Wall Street roller coaster climbs; Fed, Greece eyed
By Edward Krudy
NEW YORK (Reuters) - U.S. stocks rose on Thursday as Wall Street continued its roller coaster ride ahead of cliffhanger Greek elections on the weekend and the Federal Reserve's policy meeting next week that some hope may bring more easy money policies.
Market swings will likely persist ahead of the Sunday elections, analysts said. The prospect that the results of the Greek vote could lead the nation to exit the euro zone has pressured U.S. equities over the past several weeks.
Each trading day has been almost a reverse image of the previous one, with the market swinging around 1 percent in the opposite direction to the prior day all this week. The net result is that the S&P 500 is flat on last Friday's close.
"We have been in an extended period of not just volatility but dysfunction for quite some time and it seems as though just recently that dysfunction has taken on a whole other dimension," said Peter Kenny, managing director at Knight Capital in Jersey City, New Jersey.
"The volatility is in such short bands of time that even traders tend to get less enthusiastic about catching inefficiencies and trading trends because of the whipsaw; the risk reward is not attractive."
The number of Americans filing new claims for unemployment benefits unexpectedly rose last week. Some investors are hoping the Fed may signal more easy money to counter sluggish growth when it releases its policy statement next Wednesday.
The Dow Jones industrial average <.DJI> gained 119.92 points, or 0.96 percent, to 12,616.30. The Standard & Poor's 500 Index <.SPX> rose 10.96 points, or 0.83 percent, to 1,325.84. The Nasdaq Composite Index <.IXIC> added 12.09 points, or 0.43 percent, to 2,830.70.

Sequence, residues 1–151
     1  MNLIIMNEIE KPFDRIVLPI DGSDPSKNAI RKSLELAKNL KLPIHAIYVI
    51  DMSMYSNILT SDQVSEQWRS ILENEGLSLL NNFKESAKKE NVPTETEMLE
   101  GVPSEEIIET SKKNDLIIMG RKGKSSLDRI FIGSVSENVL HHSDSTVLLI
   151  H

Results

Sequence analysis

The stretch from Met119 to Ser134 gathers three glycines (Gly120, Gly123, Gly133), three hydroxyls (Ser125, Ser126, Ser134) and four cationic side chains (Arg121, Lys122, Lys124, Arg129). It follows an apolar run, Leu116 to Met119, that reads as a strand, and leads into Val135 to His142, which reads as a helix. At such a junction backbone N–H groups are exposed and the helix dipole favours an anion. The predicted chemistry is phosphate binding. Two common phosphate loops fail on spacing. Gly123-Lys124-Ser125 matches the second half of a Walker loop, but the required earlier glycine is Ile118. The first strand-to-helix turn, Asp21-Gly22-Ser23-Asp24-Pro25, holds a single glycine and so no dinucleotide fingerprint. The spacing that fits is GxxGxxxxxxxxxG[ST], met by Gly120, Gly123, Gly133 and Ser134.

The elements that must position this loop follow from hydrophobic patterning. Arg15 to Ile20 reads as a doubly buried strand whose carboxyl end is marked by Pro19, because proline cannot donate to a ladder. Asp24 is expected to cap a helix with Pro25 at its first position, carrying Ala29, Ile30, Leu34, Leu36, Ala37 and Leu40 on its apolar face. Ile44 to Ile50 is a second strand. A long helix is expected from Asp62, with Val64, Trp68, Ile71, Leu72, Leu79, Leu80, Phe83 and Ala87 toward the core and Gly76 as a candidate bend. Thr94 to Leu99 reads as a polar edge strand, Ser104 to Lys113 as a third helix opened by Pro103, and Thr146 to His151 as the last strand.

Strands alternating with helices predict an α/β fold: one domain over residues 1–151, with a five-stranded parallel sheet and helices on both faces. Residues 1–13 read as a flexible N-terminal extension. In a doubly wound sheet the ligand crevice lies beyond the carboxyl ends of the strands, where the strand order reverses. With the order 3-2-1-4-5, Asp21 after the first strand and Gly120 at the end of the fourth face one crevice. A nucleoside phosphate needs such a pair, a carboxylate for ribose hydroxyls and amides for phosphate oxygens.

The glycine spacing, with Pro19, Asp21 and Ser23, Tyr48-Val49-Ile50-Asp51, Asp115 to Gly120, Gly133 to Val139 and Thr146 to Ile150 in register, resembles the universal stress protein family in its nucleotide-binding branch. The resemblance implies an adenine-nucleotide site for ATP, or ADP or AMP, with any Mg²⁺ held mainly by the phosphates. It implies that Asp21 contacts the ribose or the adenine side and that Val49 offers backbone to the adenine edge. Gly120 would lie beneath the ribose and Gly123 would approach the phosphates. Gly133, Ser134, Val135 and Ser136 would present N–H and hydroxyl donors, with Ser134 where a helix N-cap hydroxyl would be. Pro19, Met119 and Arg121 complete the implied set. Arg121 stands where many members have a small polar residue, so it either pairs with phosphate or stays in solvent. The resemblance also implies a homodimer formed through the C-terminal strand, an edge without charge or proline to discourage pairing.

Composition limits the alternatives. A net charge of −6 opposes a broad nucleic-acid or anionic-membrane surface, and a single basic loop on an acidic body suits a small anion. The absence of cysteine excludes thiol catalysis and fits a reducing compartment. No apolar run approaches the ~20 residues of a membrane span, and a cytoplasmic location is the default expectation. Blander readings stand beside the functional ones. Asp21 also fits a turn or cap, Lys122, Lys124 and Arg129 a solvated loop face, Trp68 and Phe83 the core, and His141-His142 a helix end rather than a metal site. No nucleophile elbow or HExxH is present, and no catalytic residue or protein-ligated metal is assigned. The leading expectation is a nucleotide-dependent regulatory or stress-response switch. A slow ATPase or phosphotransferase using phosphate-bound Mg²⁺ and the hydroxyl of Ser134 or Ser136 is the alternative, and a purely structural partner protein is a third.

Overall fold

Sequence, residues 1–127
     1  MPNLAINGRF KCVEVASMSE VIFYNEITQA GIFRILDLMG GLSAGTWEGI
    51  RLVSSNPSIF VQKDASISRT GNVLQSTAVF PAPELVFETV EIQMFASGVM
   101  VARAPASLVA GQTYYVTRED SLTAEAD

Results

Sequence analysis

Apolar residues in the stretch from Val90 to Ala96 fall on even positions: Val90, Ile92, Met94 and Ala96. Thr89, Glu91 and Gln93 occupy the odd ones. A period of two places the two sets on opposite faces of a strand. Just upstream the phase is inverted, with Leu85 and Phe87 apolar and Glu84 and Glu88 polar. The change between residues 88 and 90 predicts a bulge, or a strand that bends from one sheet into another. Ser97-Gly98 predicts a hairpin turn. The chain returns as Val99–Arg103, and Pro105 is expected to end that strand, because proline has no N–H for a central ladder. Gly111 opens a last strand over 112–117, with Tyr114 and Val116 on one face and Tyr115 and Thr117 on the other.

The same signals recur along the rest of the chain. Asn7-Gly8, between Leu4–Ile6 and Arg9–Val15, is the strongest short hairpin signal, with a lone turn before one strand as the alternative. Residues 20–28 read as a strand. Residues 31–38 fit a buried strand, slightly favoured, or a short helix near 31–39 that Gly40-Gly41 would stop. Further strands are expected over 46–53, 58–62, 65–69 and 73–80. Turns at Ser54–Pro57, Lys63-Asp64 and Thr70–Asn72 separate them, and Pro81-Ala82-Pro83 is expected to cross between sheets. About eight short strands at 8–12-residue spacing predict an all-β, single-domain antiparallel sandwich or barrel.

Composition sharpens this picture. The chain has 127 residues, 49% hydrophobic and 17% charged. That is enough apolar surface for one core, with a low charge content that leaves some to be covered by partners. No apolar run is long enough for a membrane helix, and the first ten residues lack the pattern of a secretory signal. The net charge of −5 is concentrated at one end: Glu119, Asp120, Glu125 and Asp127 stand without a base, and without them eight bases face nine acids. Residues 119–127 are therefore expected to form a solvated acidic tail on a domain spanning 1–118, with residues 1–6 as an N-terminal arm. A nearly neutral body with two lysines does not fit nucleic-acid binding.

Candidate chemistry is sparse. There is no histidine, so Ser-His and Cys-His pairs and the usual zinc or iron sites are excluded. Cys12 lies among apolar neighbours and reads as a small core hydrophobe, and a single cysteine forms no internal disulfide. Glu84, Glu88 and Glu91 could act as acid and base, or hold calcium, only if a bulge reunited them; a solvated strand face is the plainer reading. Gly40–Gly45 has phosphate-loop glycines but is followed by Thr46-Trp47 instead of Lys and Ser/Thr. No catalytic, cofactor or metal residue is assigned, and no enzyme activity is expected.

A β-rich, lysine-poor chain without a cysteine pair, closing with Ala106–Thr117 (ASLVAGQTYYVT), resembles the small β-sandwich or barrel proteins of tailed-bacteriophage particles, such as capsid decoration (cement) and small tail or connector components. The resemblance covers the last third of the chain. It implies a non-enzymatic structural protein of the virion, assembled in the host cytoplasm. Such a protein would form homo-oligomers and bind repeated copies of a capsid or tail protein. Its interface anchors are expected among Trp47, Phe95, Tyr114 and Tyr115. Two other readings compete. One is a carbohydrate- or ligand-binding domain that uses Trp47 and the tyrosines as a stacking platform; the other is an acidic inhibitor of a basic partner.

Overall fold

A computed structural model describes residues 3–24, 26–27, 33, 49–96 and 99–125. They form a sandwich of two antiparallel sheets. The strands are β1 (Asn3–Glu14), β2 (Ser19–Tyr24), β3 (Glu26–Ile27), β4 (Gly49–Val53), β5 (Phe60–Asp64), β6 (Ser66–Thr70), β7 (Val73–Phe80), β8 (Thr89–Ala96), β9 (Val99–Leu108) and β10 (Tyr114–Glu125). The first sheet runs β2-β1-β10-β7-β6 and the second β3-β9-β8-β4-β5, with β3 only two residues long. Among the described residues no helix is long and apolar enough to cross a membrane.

Trading came on low volume as weak data in the U.S. labor market and rising bond yields in Italy and Spain weighed on investor sentiment.
"This is a classic rumor-driven market where the nervous shorts cover their shorts and the under-invested longs go and buy, just by looking at the headlines. There is the fear of missing out," said James Dailey, portfolio manager of TEAM Asset Strategy Fund.
That was highlighted as Greek bank stocks surged more than 20 percent on Thursday, with speculators appearing to be betting on a favorable pro-bailout outcome after the June 17 election. The action there drew the attention of traders stateside.
"Greek stocks are in rally mode on hopes for a decisive victory for the conservative New Democracy party," said Andrew Wilkinson, chief economic strategist at Miller Tabak & Co in New York.
In other U.S. data, consumer prices fell 0.3 percent in May, the biggest drop in more than three years. That could give the Fed further room to ease policy next week.
"What you are seeing today is investors really embracing two things - inflation expectations and the slowdown in the recovery and the jobs market and what that means for maybe future quantitative easing," said Joshua Schachter, portfolio manager at Snow Capital Management in Sewickley, Pennsylvania.
Moody's Investor Service cut its rating on Spanish government debt on Wednesday by three notches to Baa3, saying the recently approved euro zone plan to help Spain's banks will add to the country's debt burden.
The S&P is flat for the week as sharp drops have been partially offset by some equally strong rallies. So far in the second quarter, however, the index is down 5.9 percent.
"The decline may have gone far enough that prices may at least avoid slipping further, but there is still a lot of uncertainty out there," said Bruce McCain, chief investment strategist at Key Private Bank in Cleveland.
Nokia Corp plans to cut 10,000 more jobs, a fifth of its work force, and said its phone unit would post a deeper-than-expected loss in its second quarter because of tough competition. U.S.-listed shares plunged 15.4 percent to $2.36.
(Additional reporting by Chuck Mikolajczak and Angela Moon, editing by Dave Zimmerman)